As long as mainstream economic institutions remain blind to the fundamental biophysical basis of economics, as masterfully articulated by Charles Hall and Kent Klitgaard in their seminal book, Energy and the Wealth of Nations: An Introduction to BioPhysical Economics, they will remain in the dark about the core structural reasons why the current configuration of global capitalism is so prone to recurrent crisis and collapse.
The collapse of the Lehman Brothers investment bank 10 years ago sparked a panic that rippled across Wall Street, and forced an unprecedented rescue of the financial system. Millions of Americans lost their homes to mortgage foreclosures in the Great Recession, and the jobless rate hit 10%.
A Whimper and a Bang (thc0655)
Goldman Sachs’ bear market indicator, for example, is at a 50-year high. Most likely, we won’t see asset prices this high again – in real terms – in our lifetimes.
In a Whimper, prices go down, money disappears, and the economy goes into depression. What happens after that is less sure. But our guess is that the Whimper will be followed by a Bang.
It should be noted that the recommendation to arm all officers did not emerge from a vacuum. On January 19, 2015, 12 days after the Charlie Hebdo attackers gunned down unarmed French police, the Associated Press reported French police unions were urging Interior Ministry officials to provide “more” guns and “heavier” guns, as well as “protective gear, better training for first-responders, and more legal tools to guard against terrorists.”
Every embarrassing moment of our childhood is lived out not in the privacy of our homes with friends and families, but rather broadcast to the world in realtime through social media, preserved for posterity to haunt us as we reach adolescence. Instead of a few precious photographs documenting a handful of firsts, our entire lives are captured almost moment by moment in a sort of dystopian reality television.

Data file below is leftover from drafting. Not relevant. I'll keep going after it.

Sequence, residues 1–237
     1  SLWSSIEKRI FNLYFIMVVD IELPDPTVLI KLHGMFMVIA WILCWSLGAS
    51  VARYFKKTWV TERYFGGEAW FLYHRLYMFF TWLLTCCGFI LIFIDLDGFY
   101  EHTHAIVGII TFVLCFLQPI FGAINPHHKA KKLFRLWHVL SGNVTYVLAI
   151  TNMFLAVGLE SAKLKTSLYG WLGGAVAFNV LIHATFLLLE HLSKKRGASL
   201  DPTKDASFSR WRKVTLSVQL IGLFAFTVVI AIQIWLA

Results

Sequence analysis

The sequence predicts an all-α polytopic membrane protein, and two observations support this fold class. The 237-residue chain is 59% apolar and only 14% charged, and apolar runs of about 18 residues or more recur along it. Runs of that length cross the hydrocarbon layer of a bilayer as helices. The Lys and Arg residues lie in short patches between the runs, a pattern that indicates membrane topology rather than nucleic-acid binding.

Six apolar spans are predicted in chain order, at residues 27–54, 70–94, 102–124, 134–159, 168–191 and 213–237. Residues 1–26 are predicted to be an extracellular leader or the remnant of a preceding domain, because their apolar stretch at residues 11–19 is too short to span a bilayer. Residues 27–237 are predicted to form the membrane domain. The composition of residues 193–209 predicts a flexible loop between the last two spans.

The EIA disclosure comes as oil markets are trying to make sense out of both supply and demand questions as well as geopolitical uncertainty. Since President Trump decided in May to reimpose sanctions against Iran over its nuclear development program, uncertainty has seized the market. The first row of new sanctions against Iran were put in place in August, while more hard-hitting sanctions against the country’s energy sector will take effect on November 4.
Altogether the scientists calculate that with a 2°C rise – and average global temperatures have already risen by about 1°C – by 2050 the median increase in losses of yield across all climates could be 46% for wheat, 19% for rice and 31% for maize: all of it to ever-hungrier caterpillars, beetles and borers.
The storm can make a “direct hit” on a particular location, an “indirect hit” or a “strike,” depending on its spatial relationship to the storm’s track and the strength of winds and tides. Here is an expanded list of definitions from the National Hurricane Center.
Trump administration, as expected, to stop funding UN Population Fund (from 2017, Paul D.)
The Trump administration has vowed to cut all dollars for climate change programming, and also restored the so-called global gag rule, which prohibits funding to non-governmental groups that support even voluntary abortions.
Findings like these have alarmed ecologists and infectious-disease experts. But getting rid of ocean garbage patches isn’t as simple as deploying cleanup boats, according to Pedrotti. For one thing, we don’t yet know how closely the garbage patch microbial system and the larger food web have become intertwined: Eliminating the plastisphere could have unpredictable effects on the ocean ecosystem as a whole. And to some extent, the cleanup question is moot, because it’s impossible to remove even a significant fraction of the plastic from the ocean. Much of it is microscopic in size and cannot be captured even by nets with a lace-fine mesh.
How the West Was Lost (thc0655)
Modern climate wars are new in that they revolve around global warming, but scientists have been battling against deniers since at least the 19th century. The tale of John Wesley Powell, an explorer and geologist who tried and failed to stop the policies that led to the immigrant’s death, is especially resonant today. Before his time, Powell understood that unbridled optimism and headlong land development would lead to environmental ruin and mass human suffering.
To be clear, scientists tend to dismiss the idea that climate change and other human interventions could render the entire planet uninhabitable. “This is, of course, nonsense,” emails Christopher McKay, a NASA planetary scientist who studies terraforming and life in extreme environments. “What is certain is that the coming changes will be very, very inconvenient to human society and be of enormous cost to human infrastructure. Fires, floods, sea level, heat waves, etc…. Although a cynic might say that the Earth overall will benefit in direct proportion that all things human are decremented.”
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